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Public Relations - Kickbacks?

You are the senior vice president of marketing and communications for a medium-sized manufacturer headquartered in your city. Your company is bidding on a major contract in an Asian country. If your firm wins the contract, the company's revenues could double over the next five years. Plus, you will likely have the inside track on additional contracts in that country. Your company is competing for this contract against a French company and a German company. Your company is confident that it can provide a better deal to the Asian country. But there is one small problem, the country's minister of trade would appreciate receiving a kickback. You know that both the French and the German companies would likely acquiesce to the minister's request, which is not unusual and generally accepted in that part of the world.

Questions:
1. Draft a persuasive memo to your CEO recommending what he should do in the above circumstances.
2. Back up your argument with applicable facts.
3. Remember, you are the company's chief public relations officer, so you need to consider the implications on various stakeholders.

Solution Preview

Let's look at several key points to consider in making a case for not offering kickbacks. Rather, it is imperative to keep your confidence in company strengths and ability to offer a better deal than the competition. Compromising ethical standards has serious implications (e.g., even though generally accepted, kickbacks are still illegal and unethical; research and court case supports the negative implication of corruption for all stakeholders).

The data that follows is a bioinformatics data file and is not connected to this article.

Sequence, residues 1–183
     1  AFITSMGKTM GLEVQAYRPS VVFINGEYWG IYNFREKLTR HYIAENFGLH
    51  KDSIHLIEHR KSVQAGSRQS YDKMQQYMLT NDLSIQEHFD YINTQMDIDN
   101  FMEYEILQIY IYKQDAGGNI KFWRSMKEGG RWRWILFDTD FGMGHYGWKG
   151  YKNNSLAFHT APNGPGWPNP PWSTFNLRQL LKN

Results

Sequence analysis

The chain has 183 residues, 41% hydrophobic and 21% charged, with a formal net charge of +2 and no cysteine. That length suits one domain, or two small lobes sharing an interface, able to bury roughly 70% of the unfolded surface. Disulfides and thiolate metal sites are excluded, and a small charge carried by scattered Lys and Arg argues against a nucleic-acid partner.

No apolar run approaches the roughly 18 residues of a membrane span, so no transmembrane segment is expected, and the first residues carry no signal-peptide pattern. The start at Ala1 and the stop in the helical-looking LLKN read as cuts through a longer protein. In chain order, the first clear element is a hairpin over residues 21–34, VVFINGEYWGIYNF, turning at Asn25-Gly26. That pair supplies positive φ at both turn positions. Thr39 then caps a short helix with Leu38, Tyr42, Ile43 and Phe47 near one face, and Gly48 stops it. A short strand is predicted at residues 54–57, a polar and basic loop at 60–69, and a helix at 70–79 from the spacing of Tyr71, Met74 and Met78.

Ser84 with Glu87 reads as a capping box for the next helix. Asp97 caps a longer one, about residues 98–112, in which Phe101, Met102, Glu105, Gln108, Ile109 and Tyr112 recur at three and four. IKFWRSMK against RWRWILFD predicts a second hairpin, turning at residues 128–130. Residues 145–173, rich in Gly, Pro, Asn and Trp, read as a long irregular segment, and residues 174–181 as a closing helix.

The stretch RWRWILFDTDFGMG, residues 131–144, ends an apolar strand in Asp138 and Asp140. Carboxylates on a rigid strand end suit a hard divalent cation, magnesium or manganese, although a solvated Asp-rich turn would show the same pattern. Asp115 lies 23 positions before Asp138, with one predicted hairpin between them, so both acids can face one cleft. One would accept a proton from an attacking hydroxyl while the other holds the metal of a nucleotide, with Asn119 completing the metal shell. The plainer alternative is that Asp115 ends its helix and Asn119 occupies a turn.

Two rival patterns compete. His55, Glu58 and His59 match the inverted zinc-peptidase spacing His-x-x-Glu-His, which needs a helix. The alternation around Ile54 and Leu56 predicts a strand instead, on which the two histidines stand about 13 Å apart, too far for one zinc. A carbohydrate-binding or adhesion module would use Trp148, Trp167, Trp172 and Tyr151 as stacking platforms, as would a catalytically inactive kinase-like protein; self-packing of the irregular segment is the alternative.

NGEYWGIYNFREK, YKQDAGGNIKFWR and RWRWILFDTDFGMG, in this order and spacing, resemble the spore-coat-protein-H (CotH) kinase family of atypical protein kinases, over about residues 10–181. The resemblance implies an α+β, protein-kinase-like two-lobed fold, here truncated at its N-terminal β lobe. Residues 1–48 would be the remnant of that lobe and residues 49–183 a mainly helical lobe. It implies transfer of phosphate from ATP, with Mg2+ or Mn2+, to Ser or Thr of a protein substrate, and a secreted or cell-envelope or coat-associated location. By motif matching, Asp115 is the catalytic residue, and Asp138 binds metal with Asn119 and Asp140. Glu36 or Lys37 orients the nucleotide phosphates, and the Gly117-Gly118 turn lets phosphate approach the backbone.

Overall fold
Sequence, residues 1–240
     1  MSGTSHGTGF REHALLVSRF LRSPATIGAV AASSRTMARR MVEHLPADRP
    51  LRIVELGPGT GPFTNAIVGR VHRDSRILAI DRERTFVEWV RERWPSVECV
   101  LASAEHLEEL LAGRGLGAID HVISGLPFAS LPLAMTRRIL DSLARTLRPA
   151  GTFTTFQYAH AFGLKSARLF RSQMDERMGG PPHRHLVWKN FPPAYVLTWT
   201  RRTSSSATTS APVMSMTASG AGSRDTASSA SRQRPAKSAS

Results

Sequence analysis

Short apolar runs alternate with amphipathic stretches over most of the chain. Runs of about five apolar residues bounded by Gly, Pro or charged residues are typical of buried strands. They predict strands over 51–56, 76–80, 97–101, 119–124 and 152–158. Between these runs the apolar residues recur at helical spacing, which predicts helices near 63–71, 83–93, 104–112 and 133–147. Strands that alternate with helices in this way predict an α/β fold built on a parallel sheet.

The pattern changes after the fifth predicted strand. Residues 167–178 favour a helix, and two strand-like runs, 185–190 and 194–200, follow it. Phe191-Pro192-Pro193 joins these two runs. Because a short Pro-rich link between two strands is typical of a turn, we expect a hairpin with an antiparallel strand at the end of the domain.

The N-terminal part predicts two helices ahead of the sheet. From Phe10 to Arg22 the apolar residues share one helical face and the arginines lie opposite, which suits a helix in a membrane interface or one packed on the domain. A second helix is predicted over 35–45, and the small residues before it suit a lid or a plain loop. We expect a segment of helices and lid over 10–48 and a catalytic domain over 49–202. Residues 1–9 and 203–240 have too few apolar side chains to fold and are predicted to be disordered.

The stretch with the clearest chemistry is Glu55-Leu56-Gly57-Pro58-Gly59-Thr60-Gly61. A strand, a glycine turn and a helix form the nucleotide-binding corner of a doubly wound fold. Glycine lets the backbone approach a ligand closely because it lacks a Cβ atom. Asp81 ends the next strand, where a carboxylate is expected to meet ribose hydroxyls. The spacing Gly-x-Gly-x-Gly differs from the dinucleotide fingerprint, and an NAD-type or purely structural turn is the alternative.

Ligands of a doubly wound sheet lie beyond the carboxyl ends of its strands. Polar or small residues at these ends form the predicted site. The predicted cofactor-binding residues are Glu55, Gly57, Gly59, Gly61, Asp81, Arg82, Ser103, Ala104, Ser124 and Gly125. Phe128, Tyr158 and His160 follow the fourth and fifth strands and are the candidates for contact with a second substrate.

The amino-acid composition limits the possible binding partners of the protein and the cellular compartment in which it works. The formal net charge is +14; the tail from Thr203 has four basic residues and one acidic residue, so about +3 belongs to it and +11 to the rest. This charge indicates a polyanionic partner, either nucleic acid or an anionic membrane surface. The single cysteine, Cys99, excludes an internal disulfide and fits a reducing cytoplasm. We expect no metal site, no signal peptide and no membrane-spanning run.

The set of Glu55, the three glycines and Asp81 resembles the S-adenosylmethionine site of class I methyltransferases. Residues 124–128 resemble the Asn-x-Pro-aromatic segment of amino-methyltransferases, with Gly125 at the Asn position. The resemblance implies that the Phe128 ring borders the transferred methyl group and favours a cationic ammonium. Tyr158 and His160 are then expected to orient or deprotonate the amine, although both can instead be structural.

Let's look closer at these arguments. Your memo might begin something to the effect of this.

Dear CEO:

We are confident that our company can provide a better deal to the Asian country. It is therefore imperative to focus on the strengths of our company and what we have to offer, while not considering giving kickbacks to secure the contract, even though our competitions might do otherwise. This is the best option for several reasons.

And so on (see potential points to argue below).

Potential points to use in your case against offering kickbacks to secure the contrast might include the following:
1. It is unethical business practice and challenges our professional integrity that guides all company decisions.
2. It is also illegal. Although kickbacks are accepted in the Asian countries, they are still considered illegal, even though the police do not often sanction them. However, since it is not legal, it ...

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